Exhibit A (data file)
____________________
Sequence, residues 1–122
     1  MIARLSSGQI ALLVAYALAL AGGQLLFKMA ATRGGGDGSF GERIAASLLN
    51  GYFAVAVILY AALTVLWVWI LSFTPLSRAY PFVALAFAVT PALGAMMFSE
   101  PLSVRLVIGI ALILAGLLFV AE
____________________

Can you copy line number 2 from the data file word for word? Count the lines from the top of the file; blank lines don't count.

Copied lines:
     1  MIARLSSGQI ALLVAYALAL AGGQLLFKMA ATRGGGDGSF GERIAASLLN